We saw it coming. The initial engine refurbishment was not perfect. All the machining was all fine. But the piston rings were never installed properly, which is why they never sealed correctly. The result was excessive old consumption and blue smoke from the exhaust. The main problem was that during the install we never checked for the piston ring gaps, thinking that if they are in one set, they should be ok. Next time we will check. On the picture the black carbon deposit on the side of the rings indicate the problem.
With the engine taken out we went to Peter van Giersbergen for advice. The damage was more severe than we anticipated and new pistons were needed. The quality of the pistons we put in during the first attempt was rather poor: a lot of variations in different dimensions. The newer pistons are now of better quality.
We also replaced the camshaft and the cam followers which we left in during the first revision attempt. Peter also balanced the flywheel and clutch to reduce possible engine vibrations. During the start up process of the engine we had difficulties getting oil pressure by cracking the engine on a starter. We finally solved that by priming the oil pump with new oil.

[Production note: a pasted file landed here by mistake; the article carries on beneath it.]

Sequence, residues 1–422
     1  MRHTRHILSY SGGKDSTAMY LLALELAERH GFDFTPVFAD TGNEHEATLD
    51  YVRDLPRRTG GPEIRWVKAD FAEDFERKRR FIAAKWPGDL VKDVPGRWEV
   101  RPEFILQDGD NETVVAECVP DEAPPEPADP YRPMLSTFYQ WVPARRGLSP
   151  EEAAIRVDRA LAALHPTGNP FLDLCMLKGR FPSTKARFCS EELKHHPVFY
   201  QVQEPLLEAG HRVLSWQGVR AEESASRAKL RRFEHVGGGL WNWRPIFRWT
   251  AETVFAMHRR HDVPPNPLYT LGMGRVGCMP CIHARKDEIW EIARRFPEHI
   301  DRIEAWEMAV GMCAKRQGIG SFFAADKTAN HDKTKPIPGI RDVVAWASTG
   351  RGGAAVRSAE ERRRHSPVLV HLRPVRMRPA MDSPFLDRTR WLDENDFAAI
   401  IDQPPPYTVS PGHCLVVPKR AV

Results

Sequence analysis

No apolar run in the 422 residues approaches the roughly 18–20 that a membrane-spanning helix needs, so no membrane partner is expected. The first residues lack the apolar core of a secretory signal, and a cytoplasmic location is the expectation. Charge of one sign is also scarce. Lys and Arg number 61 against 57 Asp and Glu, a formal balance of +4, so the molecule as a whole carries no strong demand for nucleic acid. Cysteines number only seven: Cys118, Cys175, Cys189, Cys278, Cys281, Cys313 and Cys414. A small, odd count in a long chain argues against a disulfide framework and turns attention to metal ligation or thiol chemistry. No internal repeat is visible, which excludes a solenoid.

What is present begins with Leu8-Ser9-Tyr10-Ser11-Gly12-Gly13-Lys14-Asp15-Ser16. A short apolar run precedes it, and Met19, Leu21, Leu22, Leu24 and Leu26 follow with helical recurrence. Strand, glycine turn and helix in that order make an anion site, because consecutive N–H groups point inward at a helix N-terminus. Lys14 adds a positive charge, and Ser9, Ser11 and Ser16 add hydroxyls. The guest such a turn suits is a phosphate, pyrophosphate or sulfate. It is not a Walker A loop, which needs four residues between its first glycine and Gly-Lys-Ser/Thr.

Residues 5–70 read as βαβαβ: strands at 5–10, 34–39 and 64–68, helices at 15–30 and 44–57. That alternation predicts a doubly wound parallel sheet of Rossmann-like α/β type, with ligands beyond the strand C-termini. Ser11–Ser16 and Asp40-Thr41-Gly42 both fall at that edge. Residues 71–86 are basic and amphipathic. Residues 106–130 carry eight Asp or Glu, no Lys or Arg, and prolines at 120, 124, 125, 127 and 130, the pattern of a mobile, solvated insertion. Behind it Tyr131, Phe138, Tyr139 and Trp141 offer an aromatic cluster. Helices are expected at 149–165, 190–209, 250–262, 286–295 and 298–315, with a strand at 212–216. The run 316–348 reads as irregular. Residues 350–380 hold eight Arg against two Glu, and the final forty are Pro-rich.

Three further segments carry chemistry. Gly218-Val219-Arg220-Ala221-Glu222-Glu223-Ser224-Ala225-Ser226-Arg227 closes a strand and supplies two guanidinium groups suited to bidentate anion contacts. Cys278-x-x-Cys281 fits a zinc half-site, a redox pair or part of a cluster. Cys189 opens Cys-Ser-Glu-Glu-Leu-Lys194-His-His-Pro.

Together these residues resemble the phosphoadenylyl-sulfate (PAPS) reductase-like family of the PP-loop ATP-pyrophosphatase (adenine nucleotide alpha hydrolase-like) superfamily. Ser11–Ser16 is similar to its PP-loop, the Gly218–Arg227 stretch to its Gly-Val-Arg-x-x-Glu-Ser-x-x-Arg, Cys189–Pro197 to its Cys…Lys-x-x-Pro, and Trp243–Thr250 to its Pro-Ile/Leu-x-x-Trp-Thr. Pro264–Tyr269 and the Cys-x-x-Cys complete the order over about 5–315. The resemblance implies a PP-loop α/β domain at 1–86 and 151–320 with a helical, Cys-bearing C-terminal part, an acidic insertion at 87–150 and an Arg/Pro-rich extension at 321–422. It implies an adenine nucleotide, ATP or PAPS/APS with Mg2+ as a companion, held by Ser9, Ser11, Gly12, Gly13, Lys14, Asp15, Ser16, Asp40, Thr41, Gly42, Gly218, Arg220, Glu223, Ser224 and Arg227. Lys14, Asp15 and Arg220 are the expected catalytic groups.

The re-refurbished engine now runs smooth without the all too familiar blue smoke. I cannot wait for the spring to arrive to we can take the MGA out for a drive.
Putting the engine back together...
Over our summer holiday in California we finally got all the remaining pieces of the engine delivered. We measured the bearings again to make sure that the tolerances are correct.The piston ring gap spacing ended up being a little on the big side: 0.45mm. But there is not much I can do about that now. At first I thought we just got the wrong rings, but that was not the case. We will just go for this. There is little chance of damaging the block with it.